Volkswagen de México today announced plans for a US$1 billion, 90,000m2 expansion of its plant in Puebla, including a new industrial facility for body-exterior construction and new logistic spaces. The expansion will be dedicated to the production of a new version of the VW Tiguan, which, according to Andreas Hinrichs, CEO of VW Mexico, will be available on the market in 2017.
The projected infrastructure includes the modernization of the existing facilities, and the introduction of state of the art technology for the manufacturing process and the final product. The combination of this will allow for the production of 500 units daily.
In response to these new developments, the local government is constructing new roads and highways for the plant’s surroundings, easing the transport of people and resources into the facilities. According to VW’s environmental responsibility strategy, the new construction will have the most advanced systems in water and energy consumption, similar to other facilities built in recent years.
The expansion comes not long after the OEM’s 50th year in the state and is expected to generate 2,000 new direct jobs locally. The new industrial facilities and assembly lines will also increase business for auto parts suppliers around the country, as well as bring new investments for these suppliers’ own facilities.
“Our new processes and the facilities we are going to build will have the highest environmental standards, stated Hinrichs. “Along with the local government, we are going to start a bamboo plantation project in Puebla’s Northern mountain range, mitigating the impact on the region, and allowing the local population to use it as an income source.”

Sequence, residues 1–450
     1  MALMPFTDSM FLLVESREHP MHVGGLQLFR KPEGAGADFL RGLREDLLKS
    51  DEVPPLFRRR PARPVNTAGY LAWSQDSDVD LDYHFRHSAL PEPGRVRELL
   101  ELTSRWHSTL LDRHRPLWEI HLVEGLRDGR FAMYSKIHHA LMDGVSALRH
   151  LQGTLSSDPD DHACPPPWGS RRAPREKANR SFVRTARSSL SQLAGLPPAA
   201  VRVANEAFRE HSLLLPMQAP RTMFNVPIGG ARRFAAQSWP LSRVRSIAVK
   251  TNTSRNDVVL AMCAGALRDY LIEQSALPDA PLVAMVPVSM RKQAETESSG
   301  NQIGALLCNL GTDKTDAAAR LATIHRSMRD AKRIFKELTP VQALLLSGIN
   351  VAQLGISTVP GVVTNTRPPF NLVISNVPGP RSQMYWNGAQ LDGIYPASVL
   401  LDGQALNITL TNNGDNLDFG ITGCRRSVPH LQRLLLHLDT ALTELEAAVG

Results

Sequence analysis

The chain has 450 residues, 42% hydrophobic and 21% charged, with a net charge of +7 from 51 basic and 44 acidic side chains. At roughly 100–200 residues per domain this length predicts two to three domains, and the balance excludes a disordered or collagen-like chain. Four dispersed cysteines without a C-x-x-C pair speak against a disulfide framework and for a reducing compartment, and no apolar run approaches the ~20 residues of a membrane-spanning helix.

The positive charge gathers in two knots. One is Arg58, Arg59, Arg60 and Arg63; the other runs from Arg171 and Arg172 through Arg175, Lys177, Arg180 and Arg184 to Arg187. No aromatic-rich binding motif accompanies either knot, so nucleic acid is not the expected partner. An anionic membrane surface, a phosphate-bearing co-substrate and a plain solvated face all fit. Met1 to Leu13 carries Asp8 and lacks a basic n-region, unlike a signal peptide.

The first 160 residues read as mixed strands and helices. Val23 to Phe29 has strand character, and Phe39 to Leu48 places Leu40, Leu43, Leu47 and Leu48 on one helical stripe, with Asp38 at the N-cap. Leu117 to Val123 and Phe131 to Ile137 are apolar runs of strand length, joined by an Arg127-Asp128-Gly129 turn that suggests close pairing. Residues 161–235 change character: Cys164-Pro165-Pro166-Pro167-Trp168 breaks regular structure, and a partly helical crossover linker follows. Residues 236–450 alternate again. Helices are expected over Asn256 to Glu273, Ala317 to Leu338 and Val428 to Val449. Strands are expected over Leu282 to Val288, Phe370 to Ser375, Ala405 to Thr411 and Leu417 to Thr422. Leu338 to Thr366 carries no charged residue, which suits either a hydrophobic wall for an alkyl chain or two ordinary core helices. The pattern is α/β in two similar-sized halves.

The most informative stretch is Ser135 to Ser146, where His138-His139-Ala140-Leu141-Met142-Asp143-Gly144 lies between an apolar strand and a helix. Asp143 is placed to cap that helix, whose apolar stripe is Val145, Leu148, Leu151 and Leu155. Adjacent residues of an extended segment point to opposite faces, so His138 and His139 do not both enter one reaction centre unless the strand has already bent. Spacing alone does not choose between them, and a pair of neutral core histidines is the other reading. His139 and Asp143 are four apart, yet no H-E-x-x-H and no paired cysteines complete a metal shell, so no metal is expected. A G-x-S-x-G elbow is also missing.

Rafael Moreno Valle Rosas, Governor of Puebla, praised the decision, stating that “Today is a very important moment in the transformation of Puebla, because through this investment, and through the production of the new Tiguan, we will consolidate our state as the most important automotive cluster in Mexico.” He continued by reiterating the government’s commitment to develop Puebla’s infrastructure, benefiting both VW and any other companies entering the market.
When Francisco González, Director General of ProMéxico took the stage, he recounted the long history that Volkswagen and Mexico share, before detailing an estimated US$1 billion in annual auto parts requirements thanks to the expansion. He then continued by stating that “The commercial exchange between Mexico and Germany has always been a two-way street, funded in a mutual understanding. This principle should become what defines the relationship between Mexico and Germany, exploring Mexico’s possibilities to establish mutual agreements with a leading country not only in Europe, but in the whole world.” He closed by explaining that Volkswagen’s establishment in Mexico has been “a crucial engine in the country’s economic development. Therefore, ProMéxico will promote new investments to accelerate the development of the country, resulting in more employment and a better future for every Mexican.”